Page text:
Is Spinal Surgery the Answer?

Many patients who suffer from back pain think that undergoing surgery will alleviate their pain, however, this is not always the case. Whereas surgery was once considered a last resort, more and more people are opting for this interventional procedure with the hope that it will resolve their pain condition.

Surgical treatment seems a reasonable option where other treatments have produced little or no result, including spinal stenosis, sciatica, disc bulges, spondylolisthesis or degenerative scoliosis. However, even with advances in surgical techniques, not all spinal surgeries are successful and for some patients, ongoing persistent pain can be both physically and emotionally difficult to accept.

A common reason back surgeries are not effective, and some patients experience continued pain after surgery, is because the part of the spine that was operated on is not in fact the cause of the patient’s pain at all. X-rays and scans show spine structure, not pain. A certain structure suspected of being the cause of a patient’s pain may in fact be a coincidental finding. In other cases, the surgery may have been deemed appropriate but have resulted in complications or tissue inflammation that creates new issues, for example:

  • Fibrosis (scar tissue): Scarring in the epidural region after surgery is common. Preclinical and clinical research has shown that scar tissue is responsible for approximately one third of cases of chronic spinal pain after surgical intervention. The build-up of scar tissue is thought to interfere with the ability of the spinal structure to manage with degenerative changes, resulting in pain.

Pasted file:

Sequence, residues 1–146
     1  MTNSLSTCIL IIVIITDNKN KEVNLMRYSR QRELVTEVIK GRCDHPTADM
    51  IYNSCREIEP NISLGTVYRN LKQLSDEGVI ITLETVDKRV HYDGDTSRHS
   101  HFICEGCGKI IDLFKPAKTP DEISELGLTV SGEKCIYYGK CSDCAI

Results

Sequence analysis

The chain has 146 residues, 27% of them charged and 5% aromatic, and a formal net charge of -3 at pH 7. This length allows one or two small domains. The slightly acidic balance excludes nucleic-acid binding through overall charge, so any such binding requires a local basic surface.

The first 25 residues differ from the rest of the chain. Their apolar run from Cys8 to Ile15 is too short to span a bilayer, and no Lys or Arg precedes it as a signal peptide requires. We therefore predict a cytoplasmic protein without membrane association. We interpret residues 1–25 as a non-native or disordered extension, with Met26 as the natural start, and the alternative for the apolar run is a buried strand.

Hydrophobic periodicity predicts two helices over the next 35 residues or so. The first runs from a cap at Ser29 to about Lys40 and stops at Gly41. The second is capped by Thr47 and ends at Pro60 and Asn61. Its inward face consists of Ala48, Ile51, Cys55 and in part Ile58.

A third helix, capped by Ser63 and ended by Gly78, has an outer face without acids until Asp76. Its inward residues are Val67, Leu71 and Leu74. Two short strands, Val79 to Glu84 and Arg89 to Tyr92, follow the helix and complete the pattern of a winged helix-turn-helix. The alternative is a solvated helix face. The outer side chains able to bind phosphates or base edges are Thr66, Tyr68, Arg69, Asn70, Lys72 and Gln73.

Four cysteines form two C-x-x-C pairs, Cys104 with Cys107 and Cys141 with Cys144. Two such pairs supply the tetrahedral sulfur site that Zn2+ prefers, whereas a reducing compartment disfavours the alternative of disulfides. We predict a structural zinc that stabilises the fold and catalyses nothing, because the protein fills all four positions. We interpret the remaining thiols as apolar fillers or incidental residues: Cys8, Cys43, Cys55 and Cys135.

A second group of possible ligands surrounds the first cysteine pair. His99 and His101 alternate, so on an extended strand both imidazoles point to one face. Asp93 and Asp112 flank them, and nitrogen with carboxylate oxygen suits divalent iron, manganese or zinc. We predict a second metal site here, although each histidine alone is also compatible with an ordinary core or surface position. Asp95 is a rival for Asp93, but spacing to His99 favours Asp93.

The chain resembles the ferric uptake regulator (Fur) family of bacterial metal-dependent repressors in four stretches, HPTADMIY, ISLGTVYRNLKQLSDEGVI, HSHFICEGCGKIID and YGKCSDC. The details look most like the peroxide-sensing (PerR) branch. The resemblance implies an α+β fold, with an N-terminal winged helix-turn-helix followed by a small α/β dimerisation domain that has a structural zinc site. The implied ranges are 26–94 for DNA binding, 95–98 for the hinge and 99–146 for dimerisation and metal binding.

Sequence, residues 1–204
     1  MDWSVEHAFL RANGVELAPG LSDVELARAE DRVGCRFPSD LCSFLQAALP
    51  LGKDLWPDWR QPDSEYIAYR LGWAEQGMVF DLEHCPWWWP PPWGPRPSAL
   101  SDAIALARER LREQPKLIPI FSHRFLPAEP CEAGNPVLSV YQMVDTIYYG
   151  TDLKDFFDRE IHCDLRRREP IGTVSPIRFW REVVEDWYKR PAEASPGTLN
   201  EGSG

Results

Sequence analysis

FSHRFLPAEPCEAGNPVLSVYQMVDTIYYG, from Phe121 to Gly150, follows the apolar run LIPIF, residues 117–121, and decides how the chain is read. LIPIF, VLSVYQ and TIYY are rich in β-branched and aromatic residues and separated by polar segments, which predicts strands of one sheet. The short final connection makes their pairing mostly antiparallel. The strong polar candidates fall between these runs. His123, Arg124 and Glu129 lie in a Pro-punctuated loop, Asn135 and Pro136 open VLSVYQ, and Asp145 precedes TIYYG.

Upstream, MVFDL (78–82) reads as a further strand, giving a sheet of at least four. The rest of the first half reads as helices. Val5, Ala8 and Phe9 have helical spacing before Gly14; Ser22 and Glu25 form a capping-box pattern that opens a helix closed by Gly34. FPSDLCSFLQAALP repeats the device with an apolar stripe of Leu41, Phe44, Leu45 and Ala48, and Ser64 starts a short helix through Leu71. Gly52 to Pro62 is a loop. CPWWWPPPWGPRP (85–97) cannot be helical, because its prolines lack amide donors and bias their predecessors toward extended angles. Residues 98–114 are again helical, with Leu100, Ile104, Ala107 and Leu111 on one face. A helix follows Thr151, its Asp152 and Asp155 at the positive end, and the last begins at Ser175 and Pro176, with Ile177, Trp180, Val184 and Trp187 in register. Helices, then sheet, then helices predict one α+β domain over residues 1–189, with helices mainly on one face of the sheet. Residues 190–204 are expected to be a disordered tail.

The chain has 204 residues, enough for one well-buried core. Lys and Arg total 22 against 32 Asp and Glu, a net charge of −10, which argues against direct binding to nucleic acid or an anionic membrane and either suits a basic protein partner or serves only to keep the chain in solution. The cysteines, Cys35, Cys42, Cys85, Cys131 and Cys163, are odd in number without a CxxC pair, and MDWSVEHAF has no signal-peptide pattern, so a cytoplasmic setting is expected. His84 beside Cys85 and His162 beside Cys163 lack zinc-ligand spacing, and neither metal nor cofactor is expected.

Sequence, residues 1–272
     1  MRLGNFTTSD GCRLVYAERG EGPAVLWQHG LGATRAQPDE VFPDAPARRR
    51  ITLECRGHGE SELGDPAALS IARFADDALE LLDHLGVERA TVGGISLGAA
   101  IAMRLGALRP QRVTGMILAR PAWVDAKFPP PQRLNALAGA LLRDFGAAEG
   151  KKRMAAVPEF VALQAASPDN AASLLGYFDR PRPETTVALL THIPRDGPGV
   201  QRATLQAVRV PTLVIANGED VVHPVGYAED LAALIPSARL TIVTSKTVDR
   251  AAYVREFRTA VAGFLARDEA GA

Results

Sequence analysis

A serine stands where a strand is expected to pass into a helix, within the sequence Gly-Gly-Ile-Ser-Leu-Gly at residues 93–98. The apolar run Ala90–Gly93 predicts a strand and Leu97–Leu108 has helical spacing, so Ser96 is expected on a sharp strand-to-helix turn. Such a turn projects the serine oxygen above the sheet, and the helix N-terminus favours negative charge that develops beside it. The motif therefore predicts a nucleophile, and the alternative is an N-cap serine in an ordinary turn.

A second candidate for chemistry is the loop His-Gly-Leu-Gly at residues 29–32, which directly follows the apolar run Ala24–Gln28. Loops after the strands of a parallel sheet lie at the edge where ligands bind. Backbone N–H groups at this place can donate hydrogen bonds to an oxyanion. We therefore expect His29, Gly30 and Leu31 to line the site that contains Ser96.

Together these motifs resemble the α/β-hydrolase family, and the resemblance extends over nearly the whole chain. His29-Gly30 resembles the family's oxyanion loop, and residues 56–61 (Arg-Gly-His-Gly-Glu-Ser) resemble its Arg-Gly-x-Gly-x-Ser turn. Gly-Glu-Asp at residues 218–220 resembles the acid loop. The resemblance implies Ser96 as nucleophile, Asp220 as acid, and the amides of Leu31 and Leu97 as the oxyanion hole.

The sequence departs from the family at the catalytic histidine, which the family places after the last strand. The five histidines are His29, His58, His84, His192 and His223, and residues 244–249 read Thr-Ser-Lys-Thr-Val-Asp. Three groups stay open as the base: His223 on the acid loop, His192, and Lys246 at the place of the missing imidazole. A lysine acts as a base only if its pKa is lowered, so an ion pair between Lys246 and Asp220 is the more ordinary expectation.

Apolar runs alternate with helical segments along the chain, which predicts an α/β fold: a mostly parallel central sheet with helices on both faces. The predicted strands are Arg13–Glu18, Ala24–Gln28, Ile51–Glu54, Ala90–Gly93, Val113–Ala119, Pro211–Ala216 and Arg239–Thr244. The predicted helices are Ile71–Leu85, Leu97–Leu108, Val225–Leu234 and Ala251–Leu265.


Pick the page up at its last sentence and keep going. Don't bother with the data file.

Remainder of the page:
• Recurrent disc herniation: a common cause of spinal pain after surgery whereby the removal of part of an intervertebral disc at one spinal level can lead to a weakening, and eventual disc herniation at another level. Patients presenting with this cause of spinal surgery pain usually experience an initial reduction in pain after surgery, followed by abrupt return of lower extremity pain when the new disc herniation occurs.
  • Deconditioning of spinal musculature: All spinal surgeries can potentially alter the weight distribution among the spinal structures themselves causing muscular instability and weakened spinal muscles which can exacerbate spinal pain.
  • In addition to changes in the spinal structure as the result of surgery, other causes of spinal surgery pain include smoking, spinal stenosis, surgical errors, and infection.

Whether you have had surgery and are unhappy with the outcome, or are considering surgical intervention to manage your pain, QPain can provide an individualised assessment and recommendation to suit your goals. Surgery can be a highly effective and necessary procedure, and at times it can also be either unsuccessful or unnecessary. To consider all of your options, contact QPain today.